Transit of Venus, 2004

P1010003-VenusTransit8june2004.jpg

Description

A transit of Venus occurs when Venus passes between the sun and a superior planet, making Venus visible as a small black dot against the solar disk. Transits of Venus are rare, with two transits eight years apart occurring roughly every 243 years. There were two transits in the 21st century, the first on 8 June 2004 and the other on 5/6 June 2012. In this photo, taken behind the NRAO Technology Center building in Charlottesville in the very early morning on 8 June 2004, are (l-r) Hannah Mangum (feet only!), unidentified, Samantha Mangum (yellow sweater) and Holly Mangum (pink sweater) seated on curb, Mark Adams, Mary Mayo, unidentified (in red bandana), David Duani adjusting the sunspotter, Mary Bridle, Charles Blue, Ellen Bouton, and Pat Murphy. The two (apparently chilly) small boys are unidentified. The sunspotter uses mirrors and a lens to project a solar image onto a white viewing screen. The mini radio telescope is one Charles Blue put together in his father's basement.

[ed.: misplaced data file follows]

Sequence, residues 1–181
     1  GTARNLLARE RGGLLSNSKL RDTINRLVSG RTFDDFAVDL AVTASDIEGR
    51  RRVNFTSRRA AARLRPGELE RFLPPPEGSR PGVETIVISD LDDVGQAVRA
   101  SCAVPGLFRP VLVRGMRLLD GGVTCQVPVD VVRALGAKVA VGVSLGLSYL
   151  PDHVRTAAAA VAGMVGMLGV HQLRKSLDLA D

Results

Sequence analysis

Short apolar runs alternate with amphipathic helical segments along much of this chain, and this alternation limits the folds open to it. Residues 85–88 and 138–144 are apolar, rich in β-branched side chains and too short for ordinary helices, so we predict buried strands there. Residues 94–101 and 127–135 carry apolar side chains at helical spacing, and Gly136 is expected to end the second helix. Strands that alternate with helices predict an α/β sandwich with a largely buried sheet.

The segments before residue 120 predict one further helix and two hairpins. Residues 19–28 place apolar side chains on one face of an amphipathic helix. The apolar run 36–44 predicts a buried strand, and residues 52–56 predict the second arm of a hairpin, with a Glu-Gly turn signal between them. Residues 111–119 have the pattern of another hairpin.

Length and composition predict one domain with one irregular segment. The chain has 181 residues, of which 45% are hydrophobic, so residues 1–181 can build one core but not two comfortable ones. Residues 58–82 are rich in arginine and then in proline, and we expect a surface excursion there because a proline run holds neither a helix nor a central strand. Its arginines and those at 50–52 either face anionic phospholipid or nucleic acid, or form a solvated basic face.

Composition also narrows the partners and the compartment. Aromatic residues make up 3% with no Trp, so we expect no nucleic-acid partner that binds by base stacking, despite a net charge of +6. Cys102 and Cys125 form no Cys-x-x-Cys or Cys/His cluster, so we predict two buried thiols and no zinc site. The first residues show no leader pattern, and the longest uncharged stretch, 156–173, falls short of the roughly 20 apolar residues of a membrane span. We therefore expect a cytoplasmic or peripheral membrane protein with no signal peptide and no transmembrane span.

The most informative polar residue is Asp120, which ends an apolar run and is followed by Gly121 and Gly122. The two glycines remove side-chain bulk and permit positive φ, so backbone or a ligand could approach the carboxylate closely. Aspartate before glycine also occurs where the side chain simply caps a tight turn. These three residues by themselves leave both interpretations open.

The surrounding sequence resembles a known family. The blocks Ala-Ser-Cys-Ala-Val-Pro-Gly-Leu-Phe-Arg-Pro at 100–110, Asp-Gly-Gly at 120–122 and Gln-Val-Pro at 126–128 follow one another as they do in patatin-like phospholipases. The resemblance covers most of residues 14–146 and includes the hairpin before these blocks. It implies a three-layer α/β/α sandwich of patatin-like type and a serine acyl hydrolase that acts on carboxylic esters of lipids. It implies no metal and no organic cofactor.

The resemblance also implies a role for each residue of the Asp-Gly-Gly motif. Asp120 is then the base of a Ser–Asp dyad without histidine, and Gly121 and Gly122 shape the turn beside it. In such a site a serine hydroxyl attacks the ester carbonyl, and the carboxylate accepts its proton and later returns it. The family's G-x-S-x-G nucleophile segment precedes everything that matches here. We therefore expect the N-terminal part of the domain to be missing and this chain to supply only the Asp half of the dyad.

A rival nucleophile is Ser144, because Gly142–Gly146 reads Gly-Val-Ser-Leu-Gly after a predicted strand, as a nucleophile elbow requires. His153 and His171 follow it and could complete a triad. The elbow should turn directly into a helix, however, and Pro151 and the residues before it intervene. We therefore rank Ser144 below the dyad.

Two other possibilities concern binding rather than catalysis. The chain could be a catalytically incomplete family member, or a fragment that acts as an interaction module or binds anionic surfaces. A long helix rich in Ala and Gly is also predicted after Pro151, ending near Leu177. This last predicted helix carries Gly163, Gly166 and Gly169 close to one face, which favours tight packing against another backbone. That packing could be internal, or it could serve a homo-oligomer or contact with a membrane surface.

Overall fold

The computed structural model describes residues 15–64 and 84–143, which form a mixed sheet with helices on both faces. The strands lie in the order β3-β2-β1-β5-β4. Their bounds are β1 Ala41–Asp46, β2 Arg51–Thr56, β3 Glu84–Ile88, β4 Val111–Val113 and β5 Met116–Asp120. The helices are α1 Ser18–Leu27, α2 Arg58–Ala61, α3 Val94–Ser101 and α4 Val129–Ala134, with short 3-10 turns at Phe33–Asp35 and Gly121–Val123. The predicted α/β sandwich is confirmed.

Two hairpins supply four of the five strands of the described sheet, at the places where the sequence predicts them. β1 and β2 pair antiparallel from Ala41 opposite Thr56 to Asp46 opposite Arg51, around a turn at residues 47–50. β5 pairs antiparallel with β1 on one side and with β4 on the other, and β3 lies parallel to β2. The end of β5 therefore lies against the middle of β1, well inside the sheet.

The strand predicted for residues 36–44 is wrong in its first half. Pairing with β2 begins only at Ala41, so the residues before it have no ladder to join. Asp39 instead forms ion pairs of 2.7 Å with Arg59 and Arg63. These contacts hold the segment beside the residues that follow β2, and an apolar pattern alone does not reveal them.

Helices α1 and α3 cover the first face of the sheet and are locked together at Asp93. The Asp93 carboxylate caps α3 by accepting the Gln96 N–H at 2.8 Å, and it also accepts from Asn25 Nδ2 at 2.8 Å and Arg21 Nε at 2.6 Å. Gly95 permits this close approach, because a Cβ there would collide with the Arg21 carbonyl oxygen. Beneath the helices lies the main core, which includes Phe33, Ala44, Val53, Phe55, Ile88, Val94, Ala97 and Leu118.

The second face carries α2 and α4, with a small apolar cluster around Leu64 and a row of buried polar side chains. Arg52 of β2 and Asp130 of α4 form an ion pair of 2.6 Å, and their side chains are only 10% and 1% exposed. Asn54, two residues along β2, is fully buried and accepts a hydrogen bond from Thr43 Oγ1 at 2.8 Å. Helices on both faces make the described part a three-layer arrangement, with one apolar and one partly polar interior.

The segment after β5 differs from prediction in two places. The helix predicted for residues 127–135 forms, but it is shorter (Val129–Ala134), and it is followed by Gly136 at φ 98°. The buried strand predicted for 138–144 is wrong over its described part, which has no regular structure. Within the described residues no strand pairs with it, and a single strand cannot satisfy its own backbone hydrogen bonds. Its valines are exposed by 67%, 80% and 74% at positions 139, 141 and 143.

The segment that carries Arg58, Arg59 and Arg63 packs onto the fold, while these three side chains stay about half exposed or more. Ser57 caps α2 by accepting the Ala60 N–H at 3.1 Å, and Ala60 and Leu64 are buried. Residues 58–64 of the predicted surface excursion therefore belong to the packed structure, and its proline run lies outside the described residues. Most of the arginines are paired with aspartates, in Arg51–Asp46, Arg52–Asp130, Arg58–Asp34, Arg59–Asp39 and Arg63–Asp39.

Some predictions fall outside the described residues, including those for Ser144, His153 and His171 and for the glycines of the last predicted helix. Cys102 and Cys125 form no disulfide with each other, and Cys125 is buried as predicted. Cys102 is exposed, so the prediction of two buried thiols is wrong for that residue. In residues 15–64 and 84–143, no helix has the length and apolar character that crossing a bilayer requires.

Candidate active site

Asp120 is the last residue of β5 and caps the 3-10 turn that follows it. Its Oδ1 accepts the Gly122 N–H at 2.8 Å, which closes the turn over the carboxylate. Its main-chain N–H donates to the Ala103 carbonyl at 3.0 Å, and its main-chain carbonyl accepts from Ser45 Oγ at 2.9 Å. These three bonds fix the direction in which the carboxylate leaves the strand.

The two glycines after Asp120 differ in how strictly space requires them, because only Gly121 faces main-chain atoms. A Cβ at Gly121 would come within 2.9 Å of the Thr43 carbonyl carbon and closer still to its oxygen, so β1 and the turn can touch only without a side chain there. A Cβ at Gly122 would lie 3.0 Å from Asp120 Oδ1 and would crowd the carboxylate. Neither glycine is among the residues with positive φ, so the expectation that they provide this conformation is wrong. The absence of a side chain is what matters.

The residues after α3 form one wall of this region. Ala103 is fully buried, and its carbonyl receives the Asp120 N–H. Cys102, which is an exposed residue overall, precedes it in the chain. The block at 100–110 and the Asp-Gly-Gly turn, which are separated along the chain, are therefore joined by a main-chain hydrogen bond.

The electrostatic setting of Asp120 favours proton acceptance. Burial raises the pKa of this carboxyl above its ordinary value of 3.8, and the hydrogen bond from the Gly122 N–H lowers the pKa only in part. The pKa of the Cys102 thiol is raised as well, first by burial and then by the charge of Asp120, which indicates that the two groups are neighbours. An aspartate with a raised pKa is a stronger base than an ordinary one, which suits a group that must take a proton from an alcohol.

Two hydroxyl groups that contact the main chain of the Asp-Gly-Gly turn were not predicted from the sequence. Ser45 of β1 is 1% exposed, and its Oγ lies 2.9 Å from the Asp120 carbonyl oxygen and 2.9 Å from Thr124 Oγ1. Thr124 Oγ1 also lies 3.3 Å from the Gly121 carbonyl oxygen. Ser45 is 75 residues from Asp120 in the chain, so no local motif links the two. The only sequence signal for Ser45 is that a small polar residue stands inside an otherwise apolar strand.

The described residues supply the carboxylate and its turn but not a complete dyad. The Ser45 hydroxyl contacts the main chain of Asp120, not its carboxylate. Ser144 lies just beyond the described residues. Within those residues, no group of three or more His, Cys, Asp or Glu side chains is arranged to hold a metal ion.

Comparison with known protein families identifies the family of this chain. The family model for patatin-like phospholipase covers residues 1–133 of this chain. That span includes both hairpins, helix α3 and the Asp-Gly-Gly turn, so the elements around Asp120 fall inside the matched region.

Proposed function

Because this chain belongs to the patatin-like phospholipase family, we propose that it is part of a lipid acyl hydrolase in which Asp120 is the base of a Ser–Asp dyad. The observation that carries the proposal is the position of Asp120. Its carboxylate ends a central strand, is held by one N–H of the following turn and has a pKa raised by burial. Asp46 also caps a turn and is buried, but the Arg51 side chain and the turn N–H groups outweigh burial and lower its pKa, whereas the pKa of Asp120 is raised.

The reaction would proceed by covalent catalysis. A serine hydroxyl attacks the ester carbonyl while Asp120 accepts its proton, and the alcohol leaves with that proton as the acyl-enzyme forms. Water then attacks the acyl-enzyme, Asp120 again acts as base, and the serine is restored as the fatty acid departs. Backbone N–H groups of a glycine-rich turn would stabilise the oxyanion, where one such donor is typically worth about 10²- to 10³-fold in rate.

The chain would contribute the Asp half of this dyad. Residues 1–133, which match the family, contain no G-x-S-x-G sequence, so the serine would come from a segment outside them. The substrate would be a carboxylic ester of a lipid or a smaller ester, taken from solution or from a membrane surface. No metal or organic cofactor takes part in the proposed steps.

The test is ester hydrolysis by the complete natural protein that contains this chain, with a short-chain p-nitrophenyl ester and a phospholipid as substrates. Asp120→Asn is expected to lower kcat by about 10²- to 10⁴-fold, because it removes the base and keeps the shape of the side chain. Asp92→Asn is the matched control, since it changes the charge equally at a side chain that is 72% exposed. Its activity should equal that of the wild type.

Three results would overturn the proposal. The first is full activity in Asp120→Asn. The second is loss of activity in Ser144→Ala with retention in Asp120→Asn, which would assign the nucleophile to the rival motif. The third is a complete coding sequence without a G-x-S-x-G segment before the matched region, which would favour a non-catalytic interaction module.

Creator

Records of the NRAO

Type

Still Image

Identifier

P1010003-VenusTransit8june2004.jpg

Start Date

2004-06-08

Series

Photographs Series

Unit

NRAO Employees Unit

Subunit

NRAO Social Events Subunit

Tags

Citation

Records of the NRAO, “Transit of Venus, 2004,” NRAO/AUI Archives, accessed April 24, 2024, https://www.nrao.edu/archives/items/show/35234.